Mini Guide by Mallo, September 2019
The basic aim is to survive long enough to record the creatures and events in the great red spot of Jupiter. To earn money, all you have to do is fly around, observing, identifying and shooting things. First of all: don’t shoot the lifeforms. Shoot the mercenaries that are shooting at you. Of course: to spend that money you make you’ve got to make it back to base alive. To do that, simply turn towards your base (the blue doughnut-looking thing with the red stripe on the side) and fly into the black area, which is the entrance. Once you’re docked you can check your money totals and buy new things. Some upgrades will be out of your reach at the start, but you should buy a number of fuel upgrades and PODs, namely: Defence PODs and Sentinels, which you can then release in space and use as your eyes and ears. From time to time you’ll get a message to capture a certain creature for a bonus. You don’t have to do this, but it is the quickest way to get those engine and hull upgrades.
Tip #1. For your very first sortie: don’t go far, or you will probably die. Just stay out for a few minutes, then return to base. You should then have some money to use for extra fuel. Make sure you save the game every time you dock when you’re starting out.
Tip #2. Identify everything (by pointing at it and pressing ‘I’). Check your ID totals in the Player Status option in the Save/Load menu.
Tip #3. If you catch a creature and there is no market for it, release it back into the wild. Make sure not to accidentally release your last fuel POD by accident, otherwise you’ll plummet into Jupiter’s core. In fact: use the ‘Release’ command as carefully as possible!
Tip #4. Getting an engine upgrade opens the game up significantly, so make that a priority. The Agile Engine is only 20,000 credits.
Tip #5. Getting a hull upgrade will mean that your ship can withstand the crushing pressures deeper down inside Jupiter’s atmosphere, where the weirder lifeforms dwell.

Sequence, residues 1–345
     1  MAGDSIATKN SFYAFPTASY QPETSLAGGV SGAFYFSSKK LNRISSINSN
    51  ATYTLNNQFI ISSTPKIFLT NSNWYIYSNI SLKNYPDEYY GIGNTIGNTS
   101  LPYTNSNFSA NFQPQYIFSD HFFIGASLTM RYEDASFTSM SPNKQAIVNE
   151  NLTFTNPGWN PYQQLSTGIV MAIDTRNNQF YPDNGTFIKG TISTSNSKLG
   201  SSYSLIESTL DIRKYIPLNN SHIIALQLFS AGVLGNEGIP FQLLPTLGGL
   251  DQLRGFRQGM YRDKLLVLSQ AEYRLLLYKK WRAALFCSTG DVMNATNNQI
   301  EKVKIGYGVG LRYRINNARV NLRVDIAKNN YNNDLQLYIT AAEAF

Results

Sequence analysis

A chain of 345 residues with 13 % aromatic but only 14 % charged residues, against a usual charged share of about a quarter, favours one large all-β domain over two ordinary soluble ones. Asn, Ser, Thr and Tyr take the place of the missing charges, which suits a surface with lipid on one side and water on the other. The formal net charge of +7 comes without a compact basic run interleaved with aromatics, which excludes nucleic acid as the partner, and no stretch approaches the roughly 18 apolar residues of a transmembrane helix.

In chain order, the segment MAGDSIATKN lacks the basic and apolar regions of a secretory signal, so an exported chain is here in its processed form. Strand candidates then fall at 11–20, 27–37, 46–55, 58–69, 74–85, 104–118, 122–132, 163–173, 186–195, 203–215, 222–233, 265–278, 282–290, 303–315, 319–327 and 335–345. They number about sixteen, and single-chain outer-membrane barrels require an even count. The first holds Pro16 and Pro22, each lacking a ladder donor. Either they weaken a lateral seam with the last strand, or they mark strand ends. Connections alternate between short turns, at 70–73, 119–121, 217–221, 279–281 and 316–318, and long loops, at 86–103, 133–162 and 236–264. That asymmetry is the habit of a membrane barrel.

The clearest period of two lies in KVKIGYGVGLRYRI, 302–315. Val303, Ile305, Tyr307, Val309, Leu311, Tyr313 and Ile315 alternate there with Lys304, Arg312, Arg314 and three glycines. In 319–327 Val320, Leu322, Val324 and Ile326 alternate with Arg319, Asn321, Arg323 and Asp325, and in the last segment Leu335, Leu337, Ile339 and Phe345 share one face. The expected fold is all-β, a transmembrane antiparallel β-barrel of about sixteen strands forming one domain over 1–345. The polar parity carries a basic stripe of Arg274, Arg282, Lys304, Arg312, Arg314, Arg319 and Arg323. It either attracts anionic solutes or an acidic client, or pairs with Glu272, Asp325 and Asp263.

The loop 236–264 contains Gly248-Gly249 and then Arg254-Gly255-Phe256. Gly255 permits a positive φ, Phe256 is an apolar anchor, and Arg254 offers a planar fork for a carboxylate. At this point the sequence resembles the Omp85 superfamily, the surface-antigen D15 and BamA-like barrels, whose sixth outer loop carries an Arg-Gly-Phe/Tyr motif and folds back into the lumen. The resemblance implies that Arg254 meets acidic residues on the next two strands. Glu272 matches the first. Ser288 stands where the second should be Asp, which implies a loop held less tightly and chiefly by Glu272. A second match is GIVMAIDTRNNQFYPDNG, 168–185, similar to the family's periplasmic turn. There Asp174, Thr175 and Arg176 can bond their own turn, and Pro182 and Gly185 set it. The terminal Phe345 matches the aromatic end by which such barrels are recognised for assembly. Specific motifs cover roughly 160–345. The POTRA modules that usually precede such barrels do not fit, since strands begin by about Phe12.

Tip #6. On the HUD, at the bottom are three coloured, horizontal lines. These are important. The top (yellow) line is your speed. The second (orange) line is your fuel, and the third (red) line are your shields.
Tip #7. Make sure to sell your empty fuel PODs once you get going, and to replace them with new ones.
Eye of the Storm keys:
1 – Net
2 – Release
3 – Map
5 – Homing Missile
6 – Missile
7 – Laser
I – Identify
R – Radar on/off
P – POD view on/off
M – Map on/off
B – Base (Turn toward)
Speed up/slow down – either hold right mouse button and backwards and forwards, or plus and minus on the keyboard
S – Sound on or off
G – Ground on or off
B-17 Bomber is a very early – but really rather excellent – WWII bomber simulation, released for the Intellivision in 1982.
B-17 Bomber came bundled with the ‘Intellivoice‘ speech module at the time, which gave very impressive speech synthesis within the game. Actually, the game opens with a voice that says “Mattel Electronics presents…” then a strongly recognisable Texas accent kicks in and says: “Bee Sevahn-teen Bow-mer!” Clearly a tribute to Slim Pickens‘ character in Stanley Kubrick‘s Dr. Strangelove, and also amazing that this early speech synthesis could successfully portray a Texas accent. Remember: this is not digitised speech – it is phonetically synthesised. Most Intellivision emulators will happily emulate the speech and it is quite useful in-game because it warns you of approaching enemy.
The game itself is surprisingly engrossing. Considering that it’s only a 16K ROM cartridge B-17 Bomber has quite a lot to it. The aim is simple: to go out on bombing runs to destroy enemy targets. In practise: you have to juggle a variety of hats, including fighting off enemy fighters; piloting the bomber; and of course dropping bombs from the bay doors with an overhead view of the area. There’s a map of Europe, dotted with potential targets, which always shows your position relative to everything else.
Considering the limitations of the Intellivision, and the fact that this was released in 1982, B-17 Bomber is a remarkable achievement – in gaming terms. It’s an impressive prototype flight sim, squeezed into very little memory; with good playability, and high quality synthesised speech.
More: B-17 Bomber on Wikipedia
I wrote quite a bit about the original ZX Spectrum version – because it’s so good – but this 1986 Amstrad version of Tau Ceti is possibly even better than the original…